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Arturo Herrera

Berlin is so covered with graffiti that you hardly notice it any more. When there is enough of it, or when it’s good, it looks like it belongs to the surface it’s painted on. Arturo Herrera’s two simultaneous Berlin exhibitions were entangled in the line between graffiti and wall painting, raising the question: does the artist’s mark add to its surface or deface it? And what happens when those marks are abstract, or abstracted?

Herrera’s wall paintings, collages and photographs don’t look like graffiti, but they are deployed in a similar way. His foreground patterns resemble abstracted brushstrokes or a child’s scribbles. Yet these marks have been enlarged, extracted or translated into the idea of the artist’s gesture, rather than the original mark itself. Herrera couples these shapes with scenery borrowed from mass culture, such as colouring books or Disney cartoons. Like a graffiti artist, he literally inserts his expressive mark into an artistic landscape that already exists.

At daadgalerie Herrera covered the walls with a pattern of narrow red and white vertical stripes (Untitled, all works 2005), less industrial than Daniel Buren’s and less disorienting than Bridget Riley’s. The optical effect of the overall pattern is intermittently interrupted by Herrera’s scattered designs of scrappy red marks. Although these formally resemble bloody gashes or holes torn in the wall, they are actually more like holes torn in the striped pattern itself. The artist defaces his own surface pattern with another one – one that looks more like an artist’s hasty brushstroke but is in fact no less mechanically made. Both were designed by Herrera but executed by professional painters.

Next door, on an empty exterior wall of Galerie Max Hetzler’s main space in Zimmerstrasse, beside an abandoned lot (a popular site in Berlin for graffiti), Herrera produced his own imitation of graffiti, hiring a painter to apply it near the top of the building (Untitled, Wall Painting for Berlin). The work is a low-lying design in black paint, like a distant landscape of shadowy ruins or irregular rock formations. More likely, though, the pattern is an abstraction of something much closer to it – the shapes formed by the erosion of the building near its foundation, where the façade is chipped away and falling off. Herrera’s graffiti isn’t a tag as we know it, but rather echoes the surface it is painted on.

In Galerie Max Hetzler’s second space in Holzmarktstrasse, the artist produced a drawing on the permanently installed free-standing wall opposite the entrance (Untitled). Its surface looked surprisingly ghostly, like what’s left on a building after graffiti is washed off. The pattern of red and black dots looked smeared and reminiscent, like the trace of a drawing, which isn’t far from the truth – it was created from a tracing of tiny holes onto the surface of the wall, which were then filled with pigment. Whatever stuck in the holes helped the design materialize; whatever fell to the ground lay in a neat pile beneath the wall.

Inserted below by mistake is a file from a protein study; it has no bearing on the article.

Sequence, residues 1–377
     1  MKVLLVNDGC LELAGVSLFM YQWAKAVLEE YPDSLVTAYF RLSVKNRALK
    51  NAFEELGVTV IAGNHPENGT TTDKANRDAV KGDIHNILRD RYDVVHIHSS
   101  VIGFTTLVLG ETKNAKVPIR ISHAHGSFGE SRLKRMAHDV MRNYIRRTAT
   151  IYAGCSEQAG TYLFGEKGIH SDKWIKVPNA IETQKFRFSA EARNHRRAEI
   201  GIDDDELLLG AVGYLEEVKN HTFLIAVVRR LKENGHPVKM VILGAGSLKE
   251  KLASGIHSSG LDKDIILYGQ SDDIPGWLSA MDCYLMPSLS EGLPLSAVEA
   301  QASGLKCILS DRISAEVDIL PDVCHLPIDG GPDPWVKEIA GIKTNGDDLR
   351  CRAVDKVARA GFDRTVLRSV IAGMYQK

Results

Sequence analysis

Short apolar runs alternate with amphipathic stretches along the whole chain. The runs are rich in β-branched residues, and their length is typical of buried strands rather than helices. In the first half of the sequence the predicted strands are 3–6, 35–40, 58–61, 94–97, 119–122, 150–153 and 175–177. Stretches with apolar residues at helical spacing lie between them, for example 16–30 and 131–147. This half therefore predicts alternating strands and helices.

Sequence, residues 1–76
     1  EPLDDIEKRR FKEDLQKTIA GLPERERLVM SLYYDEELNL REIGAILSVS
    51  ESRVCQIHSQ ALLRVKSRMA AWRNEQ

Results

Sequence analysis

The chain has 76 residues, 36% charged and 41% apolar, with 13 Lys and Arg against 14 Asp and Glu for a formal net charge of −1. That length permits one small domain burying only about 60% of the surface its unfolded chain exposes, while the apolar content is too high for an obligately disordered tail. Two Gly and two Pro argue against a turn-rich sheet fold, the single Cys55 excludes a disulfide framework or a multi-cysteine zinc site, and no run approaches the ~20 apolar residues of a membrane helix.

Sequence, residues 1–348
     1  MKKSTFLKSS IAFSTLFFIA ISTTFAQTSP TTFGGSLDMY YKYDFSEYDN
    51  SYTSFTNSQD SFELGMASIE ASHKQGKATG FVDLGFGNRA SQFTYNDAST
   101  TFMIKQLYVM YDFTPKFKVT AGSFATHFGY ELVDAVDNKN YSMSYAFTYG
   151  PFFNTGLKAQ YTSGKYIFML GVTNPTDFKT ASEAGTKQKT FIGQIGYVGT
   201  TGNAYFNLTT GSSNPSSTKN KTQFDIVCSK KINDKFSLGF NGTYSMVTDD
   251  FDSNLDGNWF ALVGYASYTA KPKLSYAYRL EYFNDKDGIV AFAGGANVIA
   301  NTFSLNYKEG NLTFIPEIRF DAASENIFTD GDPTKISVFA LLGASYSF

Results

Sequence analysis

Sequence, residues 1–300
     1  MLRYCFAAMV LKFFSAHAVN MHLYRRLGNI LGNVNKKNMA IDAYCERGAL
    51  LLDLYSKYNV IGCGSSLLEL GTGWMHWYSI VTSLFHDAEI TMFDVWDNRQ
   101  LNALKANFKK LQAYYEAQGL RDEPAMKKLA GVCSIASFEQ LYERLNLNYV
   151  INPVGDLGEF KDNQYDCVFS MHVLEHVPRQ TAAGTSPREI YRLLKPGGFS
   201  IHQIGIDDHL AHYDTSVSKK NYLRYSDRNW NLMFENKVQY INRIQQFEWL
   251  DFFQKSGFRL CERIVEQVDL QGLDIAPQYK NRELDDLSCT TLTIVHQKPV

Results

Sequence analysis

From afar the pattern looked like loose strands of tiny dots wandering across the wall, twisting, mingling, swelling and constricting, or looping lazily like a mess of tangled wire or a system of capillaries. But even these scrawls are abstracted from their origins; we know they were laboriously plotted and designed by Herrera, so they can’t be the spontaneous gestures they pose as. Out of this tangle recognizable shapes materialize: the fragments of a Disney cartoon castle appears, with its towers stretching towards cloudy skies and a winding road leading to its drawbridge.

These iconic images, emerging from Herrera’s trademarked scribbled pattern, are reminiscent of a child filling in a colouring book, trying to be skilled enough to stay in the lines but ending up with something less than perfect. But these lines are meticulously constructed attempts to master the mistakes of an imperfect hand without sacrificing the illusion of the expressionistic gesture. But that’s why this wall drawing is so successful – you get the sense that the materials didn’t entirely co-operate. The pigment is smeared and the dots don’t always overlap, hinting that this time the realization may deviate from his intended design. Mistakes, rather than just the suggestion of mistakes, are what make this particular wall painting resemble the child’s drawing that it imitates.

On a nonetheless flat surface Herrera manages to foreground his abstract gestures, and – more impressively – without making them ironic. He makes his designs theatrical, but not using the language of the Abstract Expressionists, whose theatrical process you could discern. The surfaces he uses are ‘sets’ for designs that act like characters rather than materials. In the struggle between the artist’s hand and what these characters want to do, Herrera shows he has wrestled control of the medium while still letting it show that he put up a fight.

Christy Lange is programme director of Tactical Tech and a contributing editor of frieze. She lives in Berlin, Germany. 
Issue 95

First published in Issue 95

Nov - Dec 2005
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